It's a busy weekend here for us.
Robin is out playing in rather an unusual venue. Some years ago he was asked to perform at Entwistle Remembrance Park, and it went so well, that he has been back every year since.
He now does three dates over the summer, today, Sunday 8th July and the third will be Sunday 5th August.
He is playing outside, which is always a challenge, but the views are spectacular. Just to prove that the north of England isn't all flat caps and clogs, this is where he is.
He has quite a fan base now, who all make a day of it, taking a picnic, and enjoying the weather. They have been remarkably lucky over the years, and only on one occasion has there been a torrential downpour and thunder storm!
We also have to prepare for Robin setting off tomorrow, to join the QM2 in Southampton, on its way to New York. He'll be performing a couple of concerts on board, so more of that as the week unfolds.
Last night Robin didn't get home until after midnight, and as we relaxed for a while before bed, we decided to watch a programme I'd recorded earlier in the evening, 'Sgt Pepper -It was 40 Years Ago Today...' on BBC2.
As we are both massive Beatles fans, we thought we would give it 5 minutes, before turning off in disgust at what had been done to such fantastic music.
It wasn't the case. We were so drawn into it, that it was gone 2am, before we finally went to bed. (Not ideal with a concert the next day...)
Now, I know this isn't classical music, but bare with me...
The Beatles original engineer, Geoff Emerick, steered some modern day bands through the pieces, using the original analogue valve equipment.
First in were 'Kaiser Chiefs'. After their initial shock at the restrictions of 4 track recording, and acknowledging that we should, 'respect our elders', regarding analogue recording, as the 'sound is much better', they went on to give an excellent performance of 'Getting Better'.
We had been concerned how these modern bands would approach these classic pieces, but we were soon put at are ease.
Especially after hearing front man, Ricky Wilson say:
"Musically it's like having a big brother, you get the benefit of learning from them, but then again, you get the things about the fact that they always get there first, and everythings pretty much a hand-me-down after The Beatles."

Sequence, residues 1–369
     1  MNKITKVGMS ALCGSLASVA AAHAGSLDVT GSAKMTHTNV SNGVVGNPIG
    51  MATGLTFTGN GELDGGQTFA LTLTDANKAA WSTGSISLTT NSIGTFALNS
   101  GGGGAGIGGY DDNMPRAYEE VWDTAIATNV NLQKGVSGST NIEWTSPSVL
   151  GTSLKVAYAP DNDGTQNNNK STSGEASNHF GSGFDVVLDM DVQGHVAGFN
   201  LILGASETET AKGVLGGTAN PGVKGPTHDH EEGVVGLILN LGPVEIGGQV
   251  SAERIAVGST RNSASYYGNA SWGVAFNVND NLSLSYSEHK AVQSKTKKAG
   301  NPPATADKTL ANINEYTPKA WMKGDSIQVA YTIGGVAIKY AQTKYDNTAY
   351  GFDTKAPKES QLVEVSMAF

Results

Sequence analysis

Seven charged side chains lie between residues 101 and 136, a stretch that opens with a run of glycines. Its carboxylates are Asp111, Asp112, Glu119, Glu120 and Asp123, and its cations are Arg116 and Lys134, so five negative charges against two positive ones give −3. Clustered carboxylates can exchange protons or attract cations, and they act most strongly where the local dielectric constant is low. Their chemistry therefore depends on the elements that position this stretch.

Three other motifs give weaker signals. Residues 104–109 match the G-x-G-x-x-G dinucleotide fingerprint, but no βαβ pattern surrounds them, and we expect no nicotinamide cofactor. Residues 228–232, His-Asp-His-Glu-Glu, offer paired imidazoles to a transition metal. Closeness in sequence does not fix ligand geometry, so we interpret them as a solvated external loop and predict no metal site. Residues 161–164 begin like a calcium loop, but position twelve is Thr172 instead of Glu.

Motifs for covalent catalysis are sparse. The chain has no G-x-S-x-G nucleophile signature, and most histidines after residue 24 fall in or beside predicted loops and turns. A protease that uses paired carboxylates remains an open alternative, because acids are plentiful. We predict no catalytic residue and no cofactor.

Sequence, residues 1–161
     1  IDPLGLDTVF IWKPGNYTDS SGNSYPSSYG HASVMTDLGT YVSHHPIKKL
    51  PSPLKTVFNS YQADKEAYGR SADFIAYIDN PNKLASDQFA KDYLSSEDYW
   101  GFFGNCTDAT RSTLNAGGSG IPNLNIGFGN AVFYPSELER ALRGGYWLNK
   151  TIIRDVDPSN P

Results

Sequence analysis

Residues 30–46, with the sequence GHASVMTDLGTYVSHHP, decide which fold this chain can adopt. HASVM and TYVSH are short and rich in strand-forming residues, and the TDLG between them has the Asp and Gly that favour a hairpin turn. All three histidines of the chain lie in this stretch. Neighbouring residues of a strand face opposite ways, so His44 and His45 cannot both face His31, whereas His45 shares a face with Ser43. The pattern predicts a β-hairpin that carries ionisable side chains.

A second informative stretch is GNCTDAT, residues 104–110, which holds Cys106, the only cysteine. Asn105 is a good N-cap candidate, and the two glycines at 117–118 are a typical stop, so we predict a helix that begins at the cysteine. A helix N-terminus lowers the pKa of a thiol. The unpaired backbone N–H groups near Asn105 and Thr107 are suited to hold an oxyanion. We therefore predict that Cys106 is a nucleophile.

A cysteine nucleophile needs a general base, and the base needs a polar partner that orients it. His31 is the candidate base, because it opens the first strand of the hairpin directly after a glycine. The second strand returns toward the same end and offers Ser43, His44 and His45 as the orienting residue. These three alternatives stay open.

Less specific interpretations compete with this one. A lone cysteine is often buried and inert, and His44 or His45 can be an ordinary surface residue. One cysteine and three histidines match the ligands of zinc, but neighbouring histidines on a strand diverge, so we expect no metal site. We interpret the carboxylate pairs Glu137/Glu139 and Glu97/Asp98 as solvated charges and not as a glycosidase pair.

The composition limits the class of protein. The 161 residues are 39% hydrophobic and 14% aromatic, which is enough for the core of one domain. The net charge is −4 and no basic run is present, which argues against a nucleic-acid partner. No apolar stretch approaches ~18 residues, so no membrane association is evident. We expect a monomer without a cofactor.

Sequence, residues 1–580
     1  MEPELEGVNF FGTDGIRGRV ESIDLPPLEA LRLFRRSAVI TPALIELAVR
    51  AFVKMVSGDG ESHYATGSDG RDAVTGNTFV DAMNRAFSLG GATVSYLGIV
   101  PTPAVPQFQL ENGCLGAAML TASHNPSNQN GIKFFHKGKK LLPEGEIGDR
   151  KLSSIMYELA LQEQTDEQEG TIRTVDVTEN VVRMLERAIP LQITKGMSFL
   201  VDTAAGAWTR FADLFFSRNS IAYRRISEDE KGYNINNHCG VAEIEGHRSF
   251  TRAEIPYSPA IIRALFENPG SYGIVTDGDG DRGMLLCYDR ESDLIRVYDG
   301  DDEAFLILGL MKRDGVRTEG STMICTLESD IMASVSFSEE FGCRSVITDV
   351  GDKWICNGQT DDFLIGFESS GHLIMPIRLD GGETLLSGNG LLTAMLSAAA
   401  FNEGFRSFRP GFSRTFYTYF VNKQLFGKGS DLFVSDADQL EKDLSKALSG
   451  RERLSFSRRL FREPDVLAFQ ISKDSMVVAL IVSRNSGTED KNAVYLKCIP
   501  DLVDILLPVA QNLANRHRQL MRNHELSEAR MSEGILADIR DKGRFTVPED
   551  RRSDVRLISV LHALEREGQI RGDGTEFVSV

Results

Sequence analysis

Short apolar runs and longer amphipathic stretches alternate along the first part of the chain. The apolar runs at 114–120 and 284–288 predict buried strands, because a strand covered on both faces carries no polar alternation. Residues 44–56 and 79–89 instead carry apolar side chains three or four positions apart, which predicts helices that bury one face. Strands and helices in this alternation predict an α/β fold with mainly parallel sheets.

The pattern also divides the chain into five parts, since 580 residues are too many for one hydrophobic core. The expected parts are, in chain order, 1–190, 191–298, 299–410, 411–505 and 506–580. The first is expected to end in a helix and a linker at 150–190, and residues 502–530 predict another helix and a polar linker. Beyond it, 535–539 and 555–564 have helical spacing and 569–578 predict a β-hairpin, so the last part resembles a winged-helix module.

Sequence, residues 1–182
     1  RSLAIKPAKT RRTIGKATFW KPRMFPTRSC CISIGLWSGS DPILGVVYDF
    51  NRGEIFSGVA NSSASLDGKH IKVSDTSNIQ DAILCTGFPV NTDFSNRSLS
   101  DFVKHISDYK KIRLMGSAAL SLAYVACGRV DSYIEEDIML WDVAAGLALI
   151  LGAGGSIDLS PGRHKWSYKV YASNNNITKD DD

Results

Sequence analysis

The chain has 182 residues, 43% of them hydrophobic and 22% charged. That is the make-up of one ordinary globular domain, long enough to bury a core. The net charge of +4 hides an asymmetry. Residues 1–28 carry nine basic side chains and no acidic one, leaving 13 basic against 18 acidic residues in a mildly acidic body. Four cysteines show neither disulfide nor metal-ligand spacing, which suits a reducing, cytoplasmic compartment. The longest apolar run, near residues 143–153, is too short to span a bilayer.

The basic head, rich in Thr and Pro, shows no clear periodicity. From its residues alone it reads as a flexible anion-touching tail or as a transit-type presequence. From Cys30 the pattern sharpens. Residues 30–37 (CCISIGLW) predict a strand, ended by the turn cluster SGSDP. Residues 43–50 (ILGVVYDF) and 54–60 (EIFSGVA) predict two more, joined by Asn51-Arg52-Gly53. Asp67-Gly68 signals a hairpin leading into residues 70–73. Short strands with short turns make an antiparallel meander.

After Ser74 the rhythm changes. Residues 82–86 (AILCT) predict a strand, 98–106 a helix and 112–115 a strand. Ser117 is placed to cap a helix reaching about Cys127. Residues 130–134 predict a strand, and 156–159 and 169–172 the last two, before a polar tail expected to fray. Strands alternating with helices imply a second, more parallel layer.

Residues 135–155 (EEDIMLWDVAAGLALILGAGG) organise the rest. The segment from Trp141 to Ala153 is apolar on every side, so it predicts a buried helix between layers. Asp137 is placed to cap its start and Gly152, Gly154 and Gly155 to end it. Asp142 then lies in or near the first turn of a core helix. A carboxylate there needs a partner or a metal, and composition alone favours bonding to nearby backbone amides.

For such a successful band to be 'big' enough to acknowledge the past, was very refreshing.
Next came Bryan Adams, with a fabulous version of 'Sgt Pepper's Lonely Heart Club Band'. He really put his heart and soul into the song, and, gave the impression that he must be a big fan.
3rd on, The Fray, America's most downloaded band, with their version of 'Fixing a Hole'. They passionately wanted to be faithful to the original, and, were therefore rather nervous about the whole thing. But they needn't have been. With the use of some good old fashioned English tea towels over the drums, they came up with an excellent version.
4th, was 'Magic Numbers' with the only track that The Beatles didn't play any instruments. 'She's Leaving Home' was written by Paul McCartney after reading a newspaper report about a runaway. Magic Numbers put the vocals on to a string section with a very pleasant result.
5th, 'Razorlight' playing, 'With a Little Help From My Friends'.
They recognised The Beatles tradition of Ringo singing one track on every album, and therefore Razorlight's drummer, Andy Burrows, took on the challenge. It had a great laid back feel throughout, and I wouldn't be surprised if he has gained much confidence as a vocalist.
6th on were 'Travis', with 'Lovely Rita'. In true Beatles style, they decided to experiment and the result was half the band recording in the studio, whilst the other half were in a stairwell as it had excellent reverb! They even tackled playing the comb and paper, all in the name of The Beatles famous adlibs. Again, a great achievement.
Finally, on this part of the programme, 'Stereophonics' arrived. Unfortunately they had been told they were recording Sgt. Pepper intro, but it became clear, they were in fact meant to be doing the Reprise version. All credit to them, they took it in their stride, and performed a high energy version to compliment the original.
So, as you can see, despite ourselves, we really enjoyed the whole programme.
The attitude of the bands involved showed that they weren't trying to compete, merely show their respect, for the past recording.
Really, this is no different to the approach that classical musicians take every day. Here, the tradition is to recreate a masterpiece from the past, and this is exactly what these bands achieved.
After all, the original tracks can take it.
For Robin to enjoy, and respect, the results of this programme, is quite an achievement.
When Sgt.Pepper was originally released, Robin was a young boy, on holiday with a friend, and spent most of the time at the piano in the hotel, trying to recreate the songs. They have been in is head, all the time, ever since.
'As always, it was sheer pleasure to observe Robin Hill's remarkable fluent technique: everything looks easy when he plays it.' Colin Cooper- Classical Guitar Magazine ----- 'Wonderful for their (Hill & Wiltschinsky) precision, touch and clarity of sound... refined virtuosity, the achievement of a long interpretive process.' Il Giornale D'Italia (Rome) ----- 'I loved your CD and thought your technique and performance were fabulous...' Rick Wakeman